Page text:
Morning News Briefs and Monday's Forecast
Morning News Briefs from the Associated Press for Monday, July 8, 2013
Egypt: Gunfire at military building leaves 40 dead
CAIRO (AP) — Egyptian soldiers and police opened fire on supporters of the ousted president early Monday in violence that left at least 40 people killed, including one officer, outside a military building in Cairo where demonstrators had been holding a sit-in, government officials and witnesses said. There were conflicting accounts of how the violence began. A military spokesman said gunmen attempted to storm the building at dawn, prompting the clashes. Supporters of ousted President Mohammed Morsi, meanwhile, said the security forces fired on hundreds of protesters as they performed early morning prayers. It was not immediately possible to reconcile the two accounts.
Officials probe why crashed SF jet flew too slow
SAN FRANCISCO (AP) — Officials investigating a jetliner crash in San Francisco have determined that Asiana Airlines Flight 214 was traveling "significantly below" its target speed as it approached the airport and that the crew tried to abort the landing just before it smashed onto the runway. What they don't yet know is why, and whether the pilot's inexperience with this type of aircraft and this airport played a role. A day after the jetliner crash-landed in San Francisco, killing two people and injuring more than 180, officials said Sunday that the probe was also focusing on whether the airport or plane's equipment could have also malfunctioned.
Secret move keeps bin Laden records in the shadows
WASHINGTON (AP) — The nation's top special operations commander ordered military files about the Navy SEAL raid on Osama bin Laden's hideout to be purged from Defense Department computers and sent to the CIA, where they could be more easily shielded from ever being made public. The secret move, described briefly in a draft report by the Pentagon's inspector general, set off no alarms within the Obama administration even though it appears to have sidestepped federal rules and perhaps also the Freedom of Information Act.
Studies: Cyberspying targeted SKorea, US military
SEOUL, South Korea (AP) — The hackers who knocked out tens of thousands of South Korean computers simultaneously this year are out to do far more than erase hard drives, cybersecurity firms say: They also are trying to steal South Korean and U.S. military secrets with a malicious set of codes they've been sending through the Internet for years. The identities of the hackers, and the value of any information they have acquired, are not known to U.S. and South Korean researchers who have studied line after line of computer code. But they do not dispute South Korean claims that North Korea is responsible, and other experts say the links to military spying add fuel to Seoul's allegations.
40 still missing in deadly Canada oil train crash
LAC-MEGANTIC, Quebec (AP) — A Quebec town devastated when a runaway oil tanker train ignited explosions and fires braced Monday for what authorities assured would be a rising death toll as fire crews tried to reach the hardest hit areas more than two days after the disaster. Five were dead and about 40 people remained missing. The growing number of trains transporting crude oil in Canada and the United States had raised concerns of a major derailment, and this one was sure to add to the debate over a proposed cross-U.S. oil pipeline that Canada says it badly needs.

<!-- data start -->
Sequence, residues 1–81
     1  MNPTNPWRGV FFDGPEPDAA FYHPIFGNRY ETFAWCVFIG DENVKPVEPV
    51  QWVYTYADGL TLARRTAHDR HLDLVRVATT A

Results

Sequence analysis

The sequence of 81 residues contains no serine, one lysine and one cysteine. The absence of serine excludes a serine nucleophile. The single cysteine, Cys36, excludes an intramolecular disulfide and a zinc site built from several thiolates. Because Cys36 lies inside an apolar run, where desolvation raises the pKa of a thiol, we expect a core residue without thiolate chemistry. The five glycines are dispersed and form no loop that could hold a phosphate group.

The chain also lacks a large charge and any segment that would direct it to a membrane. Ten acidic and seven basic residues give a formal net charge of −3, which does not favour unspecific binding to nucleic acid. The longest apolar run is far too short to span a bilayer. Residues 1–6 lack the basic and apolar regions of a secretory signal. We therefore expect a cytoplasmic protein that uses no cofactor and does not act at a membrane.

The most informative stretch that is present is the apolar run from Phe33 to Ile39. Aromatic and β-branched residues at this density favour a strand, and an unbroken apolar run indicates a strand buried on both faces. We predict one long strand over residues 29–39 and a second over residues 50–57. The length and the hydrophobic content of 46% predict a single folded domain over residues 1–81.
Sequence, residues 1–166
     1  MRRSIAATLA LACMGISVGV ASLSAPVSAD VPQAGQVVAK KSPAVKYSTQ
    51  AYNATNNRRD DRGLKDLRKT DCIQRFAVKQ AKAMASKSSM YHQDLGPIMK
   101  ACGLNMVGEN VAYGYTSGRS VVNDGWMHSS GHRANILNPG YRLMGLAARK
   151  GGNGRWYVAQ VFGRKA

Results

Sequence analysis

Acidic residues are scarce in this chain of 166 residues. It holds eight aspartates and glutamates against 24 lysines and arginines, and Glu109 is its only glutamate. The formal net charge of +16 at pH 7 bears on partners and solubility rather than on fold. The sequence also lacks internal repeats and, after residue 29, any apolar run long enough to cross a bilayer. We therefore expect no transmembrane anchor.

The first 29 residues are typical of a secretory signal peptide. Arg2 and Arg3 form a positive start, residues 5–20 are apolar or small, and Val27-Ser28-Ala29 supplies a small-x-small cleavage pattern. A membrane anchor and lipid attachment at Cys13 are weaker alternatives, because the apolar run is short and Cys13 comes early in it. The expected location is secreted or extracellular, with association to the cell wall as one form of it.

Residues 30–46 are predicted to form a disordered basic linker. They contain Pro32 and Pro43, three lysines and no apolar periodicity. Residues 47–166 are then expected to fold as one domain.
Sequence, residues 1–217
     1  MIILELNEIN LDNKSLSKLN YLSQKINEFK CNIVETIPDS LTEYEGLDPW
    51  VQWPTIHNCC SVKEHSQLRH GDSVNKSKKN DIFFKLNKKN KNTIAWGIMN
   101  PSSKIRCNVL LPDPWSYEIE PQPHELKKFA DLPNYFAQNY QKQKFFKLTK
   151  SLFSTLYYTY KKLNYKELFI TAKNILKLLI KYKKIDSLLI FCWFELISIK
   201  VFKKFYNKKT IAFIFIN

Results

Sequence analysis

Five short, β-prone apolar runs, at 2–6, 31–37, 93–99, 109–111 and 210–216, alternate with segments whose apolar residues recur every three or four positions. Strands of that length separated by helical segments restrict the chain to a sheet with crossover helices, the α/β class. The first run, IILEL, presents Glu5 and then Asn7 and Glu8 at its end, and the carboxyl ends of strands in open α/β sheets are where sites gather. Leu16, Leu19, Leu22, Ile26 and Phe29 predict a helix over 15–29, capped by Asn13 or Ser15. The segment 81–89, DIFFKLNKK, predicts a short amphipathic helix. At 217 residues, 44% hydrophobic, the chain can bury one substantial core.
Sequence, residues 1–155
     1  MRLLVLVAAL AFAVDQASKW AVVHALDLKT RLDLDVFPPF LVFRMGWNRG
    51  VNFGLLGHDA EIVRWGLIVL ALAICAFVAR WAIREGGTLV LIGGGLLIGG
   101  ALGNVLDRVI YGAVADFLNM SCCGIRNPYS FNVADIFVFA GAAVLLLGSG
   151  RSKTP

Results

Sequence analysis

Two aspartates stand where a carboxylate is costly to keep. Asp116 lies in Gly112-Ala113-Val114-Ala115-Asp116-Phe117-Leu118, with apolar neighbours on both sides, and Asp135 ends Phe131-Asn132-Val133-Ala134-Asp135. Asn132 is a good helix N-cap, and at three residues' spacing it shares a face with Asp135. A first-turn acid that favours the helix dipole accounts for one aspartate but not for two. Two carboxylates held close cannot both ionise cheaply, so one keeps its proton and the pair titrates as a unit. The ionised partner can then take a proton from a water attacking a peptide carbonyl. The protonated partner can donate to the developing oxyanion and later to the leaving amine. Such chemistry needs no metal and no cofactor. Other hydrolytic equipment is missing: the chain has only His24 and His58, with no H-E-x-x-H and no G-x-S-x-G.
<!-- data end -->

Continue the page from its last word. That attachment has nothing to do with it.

10 die as air taxi crashes in Alaska
ANCHORAGE, Alaska (AP) — All 10 people aboard an air taxi died as the aircraft crashed and was engulfed in flames at a small Alaska airport, authorities said. Before firefighters could get to it, the de Havilland DHC3 Otter began burning just after 11 a.m. at the airport in Soldotna, a community about 75 miles southwest of Anchorage and located on the Kenai Peninsula.
Cuba backs Snowden asylum offers from allies
HAVANA (AP) — Cuban President Raul Castro threw his support behind other leftist Latin American governments willing to give asylum to NSA leaker Edward Snowden, calling him a man persecuted for his ideals. But Castro made no reference as to whether Cuba itself would offer him refuge or safe passage, a key issue since Snowden's simplest route to Latin America might be one of five direct flights that Russian carrier Aeroflot operates to Havana each week. From there Snowden could fly to Venezuela, Bolivia or Nicaragua, all possible destinations for him.
AP source: Ex-Gov. Spitzer eying NYC comptroller
ALBANY, N.Y. (AP) — A person close to former Gov. Eliot Spitzer says he is planning a return to political life with a run for New York City comptroller. The person spoke on condition of anonymity because Spitzer was only speaking to The New York Times. Spitzer, a Democrat, stepped down from the governor's office in 2008 over a prostitution scandal.
Thanks to Murray, Britain's Wimbledon wait is over
LONDON (AP) — The roars grew longer, the applause louder, with each game and each point that carried Andy Murray closer to ending Britain's 77-year wait for a men's champion at Wimbledon. Then, with Murray suddenly needing merely one point to end his grueling final against Novak Djokovic, the 15,000 spectators filling Centre Court at the All England Club hushed long enough for play to resume. Murray lost that point. As well as his second championship point. And, yes, his third, too.